Jessica Sheahan and her husband Vien Dobui pose in 2017, shortly before Cong Tu Bot opened. Dobui is a finalist for a James Beard Foundation Award. But with a pandemic on, the opportunities that in past years would have followed such a nomination have vanished.

An honor, minus the extras

Normally, the two stages of nominations – semifinalists are announced in February, followed by finalists in March – trigger a cascade of knock-on benefits for chefs and restaurants.

Desjarlais knows this better than most. Between The Purple House and her much-missed Portland restaurant, Bresca, she has made the semifinal round seven times and the finals twice.

“Every time, it’s great for you personally,” she said. “And it also great for your staff and team, because obviously they’re doing a great job, but it gives them a kick in the pants because the nomination brings a new burst of business and things get can get really busy. But now there’s no chance for that.”

Opportunities beyond the four walls of a nominee’s restaurant have also vanished. “Just making the semifinals list in the past, we would get random casting calls from food shows, e-mails from people wanting us to work with them and collaborate on things, lots of people with fancy titles congratulating us randomly,” Dobui said. “But now it’s just the congratulations that are happening. Nothing else.”

Even in restaurants like Drifters Wife that are serving limited menus during the remainder of the lockdown period, it is hard to determine if the nomination has had any effect on business. (Some restaurants in 12 counties reopened on Monday with restrictions in place. Those in remaining four counties, which include the Greater Portland area, must wait until June 1.)

“We’re trying our best to get back on our feet, but it’s pretty crushing still, to be honest,” Jackson said. “I had to reach back into my experience as a line cook and start doing lunch service here with just two of us in the kitchen. We started doing pantry items for people cooking at home, and that seems to be going pretty well so far. But it’s hard to tell.”

What was, and what might be

The cracks and fissures of uncertainty don’t end there; they extend into the core of what makes each of these four restaurants exceptional.

“It’s all so confusing. It’s all changed,” Jackson said. “We just don’t know what Drifters Wife is without the experience of sitting down with your friends for a glass of wine. Or what it’ll become. We don’t expect to come out of the gates with anything remotely close to what we were doing when we were closed. But one thing I know is that I’m not going to change what I do. I’m going to be cooking for the rest of my life, probably on the line.”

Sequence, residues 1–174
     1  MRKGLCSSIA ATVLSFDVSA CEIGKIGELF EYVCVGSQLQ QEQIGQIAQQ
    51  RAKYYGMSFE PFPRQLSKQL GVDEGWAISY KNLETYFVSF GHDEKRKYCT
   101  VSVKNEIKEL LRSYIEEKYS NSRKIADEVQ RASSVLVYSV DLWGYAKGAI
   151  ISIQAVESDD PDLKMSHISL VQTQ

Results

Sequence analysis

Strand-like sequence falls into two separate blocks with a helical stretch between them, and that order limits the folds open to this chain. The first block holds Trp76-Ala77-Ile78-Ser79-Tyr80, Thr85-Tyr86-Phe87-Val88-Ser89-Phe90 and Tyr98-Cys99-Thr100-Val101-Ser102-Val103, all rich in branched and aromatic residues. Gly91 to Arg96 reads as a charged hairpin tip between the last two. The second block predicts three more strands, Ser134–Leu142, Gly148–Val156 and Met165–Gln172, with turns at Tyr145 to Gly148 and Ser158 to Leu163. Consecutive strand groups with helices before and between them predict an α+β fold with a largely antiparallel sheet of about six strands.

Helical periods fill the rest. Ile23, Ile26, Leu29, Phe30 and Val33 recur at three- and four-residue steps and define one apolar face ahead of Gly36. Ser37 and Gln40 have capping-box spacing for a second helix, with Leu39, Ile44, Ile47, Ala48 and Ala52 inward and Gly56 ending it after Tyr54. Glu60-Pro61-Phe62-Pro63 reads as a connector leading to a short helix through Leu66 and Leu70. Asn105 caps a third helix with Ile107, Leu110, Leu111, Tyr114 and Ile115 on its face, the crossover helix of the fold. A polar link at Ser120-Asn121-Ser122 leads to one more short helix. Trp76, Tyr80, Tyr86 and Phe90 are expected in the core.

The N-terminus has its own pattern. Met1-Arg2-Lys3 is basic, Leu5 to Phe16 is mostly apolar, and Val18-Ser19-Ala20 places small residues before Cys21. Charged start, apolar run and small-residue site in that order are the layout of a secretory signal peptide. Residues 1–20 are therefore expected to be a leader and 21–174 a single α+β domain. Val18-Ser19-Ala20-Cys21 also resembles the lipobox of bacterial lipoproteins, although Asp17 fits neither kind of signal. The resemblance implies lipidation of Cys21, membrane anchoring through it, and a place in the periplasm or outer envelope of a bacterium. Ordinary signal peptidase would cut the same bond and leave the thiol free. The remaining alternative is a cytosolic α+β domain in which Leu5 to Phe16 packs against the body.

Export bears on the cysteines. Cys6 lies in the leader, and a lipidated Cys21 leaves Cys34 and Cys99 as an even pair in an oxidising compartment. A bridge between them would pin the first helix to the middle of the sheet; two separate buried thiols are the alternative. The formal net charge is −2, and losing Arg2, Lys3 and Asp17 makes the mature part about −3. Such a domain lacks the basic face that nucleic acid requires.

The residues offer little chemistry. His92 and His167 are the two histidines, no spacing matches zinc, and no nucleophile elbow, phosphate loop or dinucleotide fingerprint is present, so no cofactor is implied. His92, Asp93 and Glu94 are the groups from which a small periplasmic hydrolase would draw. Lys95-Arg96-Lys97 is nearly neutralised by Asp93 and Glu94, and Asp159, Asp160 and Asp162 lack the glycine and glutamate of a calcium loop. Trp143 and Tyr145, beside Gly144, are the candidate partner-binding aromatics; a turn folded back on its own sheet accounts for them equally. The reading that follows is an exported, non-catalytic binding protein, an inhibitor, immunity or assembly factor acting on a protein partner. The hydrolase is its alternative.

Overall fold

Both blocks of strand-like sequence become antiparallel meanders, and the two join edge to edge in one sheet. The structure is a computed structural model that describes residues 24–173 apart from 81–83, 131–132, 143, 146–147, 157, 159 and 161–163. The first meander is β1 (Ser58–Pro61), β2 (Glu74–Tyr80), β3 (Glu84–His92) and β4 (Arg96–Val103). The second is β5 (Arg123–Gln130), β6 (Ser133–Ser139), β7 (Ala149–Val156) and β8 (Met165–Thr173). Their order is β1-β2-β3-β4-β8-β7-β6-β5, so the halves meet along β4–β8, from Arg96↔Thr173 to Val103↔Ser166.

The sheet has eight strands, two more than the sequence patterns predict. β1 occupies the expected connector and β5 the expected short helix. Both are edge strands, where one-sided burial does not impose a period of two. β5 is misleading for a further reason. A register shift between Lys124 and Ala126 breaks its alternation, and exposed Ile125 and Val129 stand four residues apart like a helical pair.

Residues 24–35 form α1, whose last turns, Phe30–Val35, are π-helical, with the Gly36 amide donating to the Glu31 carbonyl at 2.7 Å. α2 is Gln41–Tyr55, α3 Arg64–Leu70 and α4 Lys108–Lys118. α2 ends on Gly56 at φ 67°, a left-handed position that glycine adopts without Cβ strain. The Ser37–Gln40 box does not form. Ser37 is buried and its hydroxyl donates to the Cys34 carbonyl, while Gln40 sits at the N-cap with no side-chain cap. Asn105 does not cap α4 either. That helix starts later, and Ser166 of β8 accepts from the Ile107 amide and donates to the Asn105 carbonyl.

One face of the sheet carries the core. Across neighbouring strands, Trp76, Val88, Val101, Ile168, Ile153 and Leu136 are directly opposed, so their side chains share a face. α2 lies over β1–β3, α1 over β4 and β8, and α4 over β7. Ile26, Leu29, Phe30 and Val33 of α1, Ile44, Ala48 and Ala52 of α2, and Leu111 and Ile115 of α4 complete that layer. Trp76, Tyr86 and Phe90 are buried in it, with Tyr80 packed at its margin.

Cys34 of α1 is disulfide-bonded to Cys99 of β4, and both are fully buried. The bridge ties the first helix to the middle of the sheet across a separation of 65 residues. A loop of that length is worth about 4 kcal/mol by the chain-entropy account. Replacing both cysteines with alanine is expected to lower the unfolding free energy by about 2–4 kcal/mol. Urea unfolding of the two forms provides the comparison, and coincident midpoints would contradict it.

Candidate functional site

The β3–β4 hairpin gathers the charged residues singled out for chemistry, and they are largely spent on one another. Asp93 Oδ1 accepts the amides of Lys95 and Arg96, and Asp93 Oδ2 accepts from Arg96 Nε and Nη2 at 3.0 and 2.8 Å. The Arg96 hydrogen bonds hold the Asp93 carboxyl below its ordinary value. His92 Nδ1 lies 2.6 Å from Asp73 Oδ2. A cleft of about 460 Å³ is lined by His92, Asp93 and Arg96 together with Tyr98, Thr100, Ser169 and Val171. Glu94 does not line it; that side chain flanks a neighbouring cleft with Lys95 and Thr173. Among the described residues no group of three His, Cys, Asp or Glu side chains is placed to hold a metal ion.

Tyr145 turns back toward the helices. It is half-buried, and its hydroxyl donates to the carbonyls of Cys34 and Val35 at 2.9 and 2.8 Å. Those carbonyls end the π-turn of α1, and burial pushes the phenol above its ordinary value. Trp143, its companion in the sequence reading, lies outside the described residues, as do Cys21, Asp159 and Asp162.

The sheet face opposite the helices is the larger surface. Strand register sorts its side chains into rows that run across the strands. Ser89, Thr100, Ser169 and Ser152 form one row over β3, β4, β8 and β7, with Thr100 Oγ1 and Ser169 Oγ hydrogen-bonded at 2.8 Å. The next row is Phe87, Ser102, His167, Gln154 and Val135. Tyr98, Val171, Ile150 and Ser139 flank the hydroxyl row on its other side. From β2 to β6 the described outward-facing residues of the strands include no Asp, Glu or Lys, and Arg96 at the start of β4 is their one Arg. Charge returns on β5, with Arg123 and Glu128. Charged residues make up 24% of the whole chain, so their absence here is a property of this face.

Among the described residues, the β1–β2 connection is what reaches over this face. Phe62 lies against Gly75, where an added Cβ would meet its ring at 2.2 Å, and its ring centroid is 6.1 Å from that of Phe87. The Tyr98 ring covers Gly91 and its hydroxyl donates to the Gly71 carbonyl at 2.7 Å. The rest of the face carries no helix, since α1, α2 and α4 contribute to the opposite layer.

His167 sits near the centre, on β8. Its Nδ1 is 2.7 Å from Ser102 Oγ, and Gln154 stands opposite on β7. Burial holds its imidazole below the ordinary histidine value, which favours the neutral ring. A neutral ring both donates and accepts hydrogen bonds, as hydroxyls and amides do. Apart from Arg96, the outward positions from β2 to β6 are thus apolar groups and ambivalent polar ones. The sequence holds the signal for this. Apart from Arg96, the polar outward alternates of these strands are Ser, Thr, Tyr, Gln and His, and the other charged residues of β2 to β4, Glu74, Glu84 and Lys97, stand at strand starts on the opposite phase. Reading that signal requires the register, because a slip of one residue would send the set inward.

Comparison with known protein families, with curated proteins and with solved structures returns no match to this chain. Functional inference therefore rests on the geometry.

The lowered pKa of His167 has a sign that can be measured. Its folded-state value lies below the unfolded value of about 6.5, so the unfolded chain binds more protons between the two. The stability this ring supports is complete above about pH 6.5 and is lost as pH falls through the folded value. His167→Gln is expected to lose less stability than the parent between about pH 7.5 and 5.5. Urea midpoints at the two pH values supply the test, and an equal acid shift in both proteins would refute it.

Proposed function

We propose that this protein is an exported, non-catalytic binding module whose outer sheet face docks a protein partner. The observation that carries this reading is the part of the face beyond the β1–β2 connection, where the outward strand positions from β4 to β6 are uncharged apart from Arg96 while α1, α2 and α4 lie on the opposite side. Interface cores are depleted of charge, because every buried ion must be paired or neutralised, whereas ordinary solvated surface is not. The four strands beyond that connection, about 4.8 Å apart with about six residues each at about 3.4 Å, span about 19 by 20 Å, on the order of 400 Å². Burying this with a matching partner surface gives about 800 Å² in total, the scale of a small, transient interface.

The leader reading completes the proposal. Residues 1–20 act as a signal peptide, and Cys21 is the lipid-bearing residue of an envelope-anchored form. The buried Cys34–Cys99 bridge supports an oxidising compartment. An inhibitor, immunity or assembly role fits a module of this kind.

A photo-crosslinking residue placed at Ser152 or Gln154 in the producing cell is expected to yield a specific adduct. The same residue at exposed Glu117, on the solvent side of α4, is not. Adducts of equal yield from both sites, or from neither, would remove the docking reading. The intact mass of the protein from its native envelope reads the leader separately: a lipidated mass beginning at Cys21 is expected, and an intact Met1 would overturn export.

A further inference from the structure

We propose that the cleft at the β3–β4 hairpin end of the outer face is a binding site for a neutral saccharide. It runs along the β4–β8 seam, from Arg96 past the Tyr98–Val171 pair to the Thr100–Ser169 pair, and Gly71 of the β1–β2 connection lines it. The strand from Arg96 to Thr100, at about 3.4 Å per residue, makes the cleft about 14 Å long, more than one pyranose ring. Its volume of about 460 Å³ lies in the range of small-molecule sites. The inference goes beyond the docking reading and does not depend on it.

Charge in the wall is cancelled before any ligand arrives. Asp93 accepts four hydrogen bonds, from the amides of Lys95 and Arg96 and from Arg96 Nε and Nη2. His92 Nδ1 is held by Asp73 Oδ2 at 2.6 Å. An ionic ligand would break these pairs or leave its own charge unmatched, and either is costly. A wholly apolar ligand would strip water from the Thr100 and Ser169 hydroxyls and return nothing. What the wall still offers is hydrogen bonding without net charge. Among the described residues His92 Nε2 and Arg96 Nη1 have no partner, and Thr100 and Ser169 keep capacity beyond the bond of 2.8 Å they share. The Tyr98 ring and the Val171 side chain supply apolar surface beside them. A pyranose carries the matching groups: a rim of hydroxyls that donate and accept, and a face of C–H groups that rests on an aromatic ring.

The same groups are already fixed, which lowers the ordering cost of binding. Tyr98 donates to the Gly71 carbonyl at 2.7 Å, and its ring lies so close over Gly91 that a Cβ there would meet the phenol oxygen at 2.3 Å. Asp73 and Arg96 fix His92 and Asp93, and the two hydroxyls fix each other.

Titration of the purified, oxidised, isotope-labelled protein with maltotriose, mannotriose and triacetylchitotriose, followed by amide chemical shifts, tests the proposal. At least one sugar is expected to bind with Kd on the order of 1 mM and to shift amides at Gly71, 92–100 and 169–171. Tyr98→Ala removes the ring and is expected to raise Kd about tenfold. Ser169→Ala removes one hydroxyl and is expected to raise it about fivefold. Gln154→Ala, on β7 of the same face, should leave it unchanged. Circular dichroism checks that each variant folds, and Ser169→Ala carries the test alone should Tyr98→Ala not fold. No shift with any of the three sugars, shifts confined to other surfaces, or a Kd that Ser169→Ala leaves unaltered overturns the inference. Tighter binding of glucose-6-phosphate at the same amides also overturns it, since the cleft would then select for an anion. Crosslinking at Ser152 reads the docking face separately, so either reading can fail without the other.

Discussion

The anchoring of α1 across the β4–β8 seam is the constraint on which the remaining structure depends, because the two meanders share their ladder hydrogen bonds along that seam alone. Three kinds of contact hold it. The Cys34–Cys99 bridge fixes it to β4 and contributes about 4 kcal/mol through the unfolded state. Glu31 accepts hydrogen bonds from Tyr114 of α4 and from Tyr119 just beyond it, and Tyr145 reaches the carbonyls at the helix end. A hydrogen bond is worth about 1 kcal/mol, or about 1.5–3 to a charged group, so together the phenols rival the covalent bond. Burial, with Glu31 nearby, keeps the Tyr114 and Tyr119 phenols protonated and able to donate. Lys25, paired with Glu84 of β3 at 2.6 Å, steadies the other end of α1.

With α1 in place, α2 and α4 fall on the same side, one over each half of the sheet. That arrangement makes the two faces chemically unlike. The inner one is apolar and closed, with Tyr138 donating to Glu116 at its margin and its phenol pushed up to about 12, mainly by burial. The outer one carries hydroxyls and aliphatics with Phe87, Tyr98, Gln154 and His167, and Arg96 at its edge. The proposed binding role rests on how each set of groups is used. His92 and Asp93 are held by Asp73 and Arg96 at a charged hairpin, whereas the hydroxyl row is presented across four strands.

There’s little doubt that, even if all the James Beard Foundation Award finalists come through the pandemic (which they won’t – Bon Temps, a nominated Los Angeles restaurant, has already announced its permanent closure), they will be different businesses on the other side. Which makes the 2020 awards feel a bit like celebrating a memory of a more carefree era.

At the same time, restaurants have always been protean creatures: Dining rooms get renovated, staff come and go, chefs travel and fall in love with new flavors and techniques. Their businesses are like all businesses: They evolve. Lockdown has accelerated the velocity of that change, forcing chefs to grapple with the essence of their work and how that might translate into a medium-term with sparsely positioned tables, partial capacity and laminated menus.

“For me, I see this whole thing as an opportunity to think about what the kernel of Cong Tu Bot is,” Dobui said. “The nomination reminds me that there really is something special there. So when I try to figure out what Cong Tu Bot is without physical proximity, I can keep focused on that thing we’re being recognized for, maybe.

“It also helps that the organization is trying to help out restaurants right now. They are doing a good job of trying to acknowledge how tough things are. So this is in line with what they do, and it doesn’t feel tone deaf,” Dobui continued. “From my perspective, it’s a nice thing. A small, nice thing.”

Andrew Ross has written about food and dining in New York and the United Kingdom. He and his work have been featured on Martha Stewart Living Radio and in The New York Times. He is the recipient of three recent Critic’s Awards from the Maine Press Association.
Contact him at: [email protected]
Twitter: @AndrewRossME